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Democrats Promise 'Most Open, Accessible' Convention in History

First lady Michelle Obama looks over the podium during a sound check at the Democratic National Convention in Charlotte, North Carolina, September 3, 2012.
CHARLOTTE, North Carolina — Thousands of Democratic Party delegates have gathered in the southern state of North Carolina for what top party officials are promising will be the “most open and accessible” political convention in history.

Visiting Democratic Party delegates and North Carolina residents gathered Monday for a free festival open to the public near the convention center in Charlotte.

Democratic National Convention organizers launched “CarolinaFest 2012” as a family friendly, Labor Day holiday celebration to kick off the week.

At an opening news conference, chief organizer Steve Kerrigan said this is the first time a public event has heralded a convention. He promised even more access to the public once it officially starts on Tuesday.

“This convention is the most open and accessible convention in history. We began our planning not just by looking at venue blueprints and different scenarios for logistics, but by reaching out to the American people,” said Kerrigan.

Kerrigan said that about 2,000 people responded to first lady Michelle Obama's appeal more than a year ago on how to make this “their convention.” Now, caucuses and President Barack Obama's acceptance speech will be open to the public. And for those who could not travel to Charlotte, organizers are engaging people on eight online platforms, he said.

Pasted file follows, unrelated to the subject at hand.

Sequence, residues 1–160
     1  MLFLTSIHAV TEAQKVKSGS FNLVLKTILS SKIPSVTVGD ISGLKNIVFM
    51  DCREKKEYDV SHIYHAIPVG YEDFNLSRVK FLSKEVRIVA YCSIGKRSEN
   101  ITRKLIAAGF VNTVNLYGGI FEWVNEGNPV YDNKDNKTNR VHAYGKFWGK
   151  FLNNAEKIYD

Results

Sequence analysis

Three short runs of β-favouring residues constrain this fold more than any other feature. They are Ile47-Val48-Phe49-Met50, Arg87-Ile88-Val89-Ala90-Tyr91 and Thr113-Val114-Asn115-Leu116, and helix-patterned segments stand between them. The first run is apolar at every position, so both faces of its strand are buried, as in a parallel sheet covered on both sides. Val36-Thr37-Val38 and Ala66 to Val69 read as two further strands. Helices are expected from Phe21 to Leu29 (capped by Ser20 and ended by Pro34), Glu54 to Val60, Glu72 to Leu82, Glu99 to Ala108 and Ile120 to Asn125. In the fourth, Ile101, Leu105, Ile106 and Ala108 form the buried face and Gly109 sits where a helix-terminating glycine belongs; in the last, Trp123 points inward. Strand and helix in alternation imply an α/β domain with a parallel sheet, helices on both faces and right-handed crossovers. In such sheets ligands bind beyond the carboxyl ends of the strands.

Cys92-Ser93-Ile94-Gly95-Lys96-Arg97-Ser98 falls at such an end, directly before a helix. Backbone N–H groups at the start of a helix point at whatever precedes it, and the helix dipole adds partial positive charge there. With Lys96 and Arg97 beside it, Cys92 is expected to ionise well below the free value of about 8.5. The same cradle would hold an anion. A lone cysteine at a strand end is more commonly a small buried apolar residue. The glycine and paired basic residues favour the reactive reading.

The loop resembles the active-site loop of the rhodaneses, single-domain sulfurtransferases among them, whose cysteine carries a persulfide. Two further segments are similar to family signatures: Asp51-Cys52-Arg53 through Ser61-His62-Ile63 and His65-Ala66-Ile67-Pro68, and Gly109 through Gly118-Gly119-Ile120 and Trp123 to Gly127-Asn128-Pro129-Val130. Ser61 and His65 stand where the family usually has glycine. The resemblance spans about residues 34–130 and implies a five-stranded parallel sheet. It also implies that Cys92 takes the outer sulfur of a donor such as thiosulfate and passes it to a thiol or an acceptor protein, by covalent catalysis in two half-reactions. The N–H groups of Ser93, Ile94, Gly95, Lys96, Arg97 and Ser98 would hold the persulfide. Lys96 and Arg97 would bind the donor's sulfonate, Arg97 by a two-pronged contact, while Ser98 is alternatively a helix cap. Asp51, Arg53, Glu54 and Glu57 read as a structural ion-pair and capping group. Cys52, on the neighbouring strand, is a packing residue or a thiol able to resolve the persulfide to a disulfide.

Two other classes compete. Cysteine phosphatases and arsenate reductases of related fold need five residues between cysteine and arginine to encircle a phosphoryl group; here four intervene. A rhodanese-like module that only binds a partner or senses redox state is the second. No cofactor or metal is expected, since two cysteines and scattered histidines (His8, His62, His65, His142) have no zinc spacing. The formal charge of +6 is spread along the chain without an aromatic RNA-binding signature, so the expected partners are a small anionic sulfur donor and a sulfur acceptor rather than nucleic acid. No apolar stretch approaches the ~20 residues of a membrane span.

Charlotte’s Democratic Mayor Anthony Foxx said his city is ready for the week, and that holding the convention in North Carolina could help the president win what is turning out to be a very close race in the state.

“North Carolina was tight in 2008. It will be tight this year. I don't think that it's going to be an easy state to win, but it is a state the president absolutely can win,” said Foxx.

Obama campaign spokesman Ben LaBolt promised that improving the U.S. economy will be a prominent theme of the convention.

“Every speaker chosen this week will address how we are going to build the economy from the middle class out. The president believes that his speech will be the opportunity not to just talk about where we've come from, but to lay out that vision, because that's the question on top of most Americans' minds.”

Obama will give his nomination acceptance speech Thursday at an outdoor stadium, much like he did four years ago at the 2008 Democratic National Convention in Denver, Colorado.